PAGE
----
Immigration has not exactly been at the centre of the 2010 election, but it has probably been more widely and openly discussed than in any British general election campaign, ever. And it flared up again when Gordon Brown was caught calling an elderly voter a “bigot” after she voiced concerns about the influx of eastern Europeans.
For many “bigotgate” is not just another embarrassment for the beleaguered PM—although it is certainly that too. It is also further evidence of how the liberal elite refuses to take seriously people’s worries about the number of people coming to Britain.
Prospect editor David Goodhart has for some time argued that you can be both a liberal and a mass immigration sceptic. A few weeks ago he produced an Analysis programme on how Labour since 1997 came to embrace mass immigration. Emailing a few people in his address book to prompt them to listen to the programme, he triggered an impromptu debate…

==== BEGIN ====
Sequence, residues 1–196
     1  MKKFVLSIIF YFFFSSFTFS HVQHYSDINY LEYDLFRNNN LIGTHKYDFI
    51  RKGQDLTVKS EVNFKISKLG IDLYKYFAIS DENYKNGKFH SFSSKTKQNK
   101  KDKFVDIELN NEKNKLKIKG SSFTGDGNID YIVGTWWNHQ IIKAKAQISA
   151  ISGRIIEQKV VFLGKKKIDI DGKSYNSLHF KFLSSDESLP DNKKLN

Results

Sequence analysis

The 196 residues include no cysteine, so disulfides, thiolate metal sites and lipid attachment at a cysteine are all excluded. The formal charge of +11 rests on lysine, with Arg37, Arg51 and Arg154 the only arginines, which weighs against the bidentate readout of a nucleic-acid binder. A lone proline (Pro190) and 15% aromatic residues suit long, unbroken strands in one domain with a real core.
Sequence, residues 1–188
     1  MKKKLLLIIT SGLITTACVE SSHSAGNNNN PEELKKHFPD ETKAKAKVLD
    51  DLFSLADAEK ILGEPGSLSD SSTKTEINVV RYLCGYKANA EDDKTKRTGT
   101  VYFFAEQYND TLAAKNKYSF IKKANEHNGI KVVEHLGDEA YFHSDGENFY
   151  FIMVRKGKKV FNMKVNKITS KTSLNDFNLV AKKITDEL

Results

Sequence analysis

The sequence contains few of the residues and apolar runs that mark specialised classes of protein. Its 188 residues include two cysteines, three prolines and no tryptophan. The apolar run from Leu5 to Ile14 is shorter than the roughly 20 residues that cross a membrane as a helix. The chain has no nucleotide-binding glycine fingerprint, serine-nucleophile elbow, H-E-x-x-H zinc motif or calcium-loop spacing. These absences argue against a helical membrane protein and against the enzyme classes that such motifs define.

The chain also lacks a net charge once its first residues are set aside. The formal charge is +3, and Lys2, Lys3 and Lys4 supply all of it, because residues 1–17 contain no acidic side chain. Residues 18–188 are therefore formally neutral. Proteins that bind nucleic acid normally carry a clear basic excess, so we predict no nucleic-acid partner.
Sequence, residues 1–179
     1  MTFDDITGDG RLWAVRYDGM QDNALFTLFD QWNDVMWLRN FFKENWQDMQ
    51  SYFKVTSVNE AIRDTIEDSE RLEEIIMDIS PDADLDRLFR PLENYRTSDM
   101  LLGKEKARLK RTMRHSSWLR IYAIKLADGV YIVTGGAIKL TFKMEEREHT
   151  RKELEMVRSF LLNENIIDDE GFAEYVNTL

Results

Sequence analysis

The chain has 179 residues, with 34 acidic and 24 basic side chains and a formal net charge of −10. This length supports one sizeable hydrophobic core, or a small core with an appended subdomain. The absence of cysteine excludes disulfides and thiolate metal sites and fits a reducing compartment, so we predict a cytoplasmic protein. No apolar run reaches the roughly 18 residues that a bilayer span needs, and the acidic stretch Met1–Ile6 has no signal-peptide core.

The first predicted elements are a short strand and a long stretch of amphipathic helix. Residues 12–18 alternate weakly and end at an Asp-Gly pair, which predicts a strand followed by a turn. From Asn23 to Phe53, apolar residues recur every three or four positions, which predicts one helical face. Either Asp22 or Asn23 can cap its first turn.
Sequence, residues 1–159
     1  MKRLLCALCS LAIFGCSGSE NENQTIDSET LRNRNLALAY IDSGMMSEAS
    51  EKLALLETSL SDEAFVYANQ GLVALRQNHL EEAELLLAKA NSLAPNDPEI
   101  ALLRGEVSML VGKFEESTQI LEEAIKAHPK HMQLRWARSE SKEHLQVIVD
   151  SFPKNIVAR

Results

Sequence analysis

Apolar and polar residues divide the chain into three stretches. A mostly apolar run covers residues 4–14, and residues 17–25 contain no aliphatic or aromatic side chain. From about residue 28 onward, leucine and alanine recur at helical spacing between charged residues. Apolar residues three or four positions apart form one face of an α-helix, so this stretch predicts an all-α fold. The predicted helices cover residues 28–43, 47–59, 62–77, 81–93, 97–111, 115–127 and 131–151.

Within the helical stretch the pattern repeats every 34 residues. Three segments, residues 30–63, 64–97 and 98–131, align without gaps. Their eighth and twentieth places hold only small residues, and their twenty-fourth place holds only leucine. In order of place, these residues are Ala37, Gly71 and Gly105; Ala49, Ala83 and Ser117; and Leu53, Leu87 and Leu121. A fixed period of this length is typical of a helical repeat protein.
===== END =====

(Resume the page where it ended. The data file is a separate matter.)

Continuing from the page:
Phillip Blond is director of the think tank ResPublica, Peter Kellner is president of YouGov, Randall Hansen is a political scientist at the University of Toronto, and Peter Jukes is a scriptwriter and Prospect contributor.
Phillip Blond: I’m very interested in all this—I wonder, is there a point at which mass immigration undermines the social foundations of a society?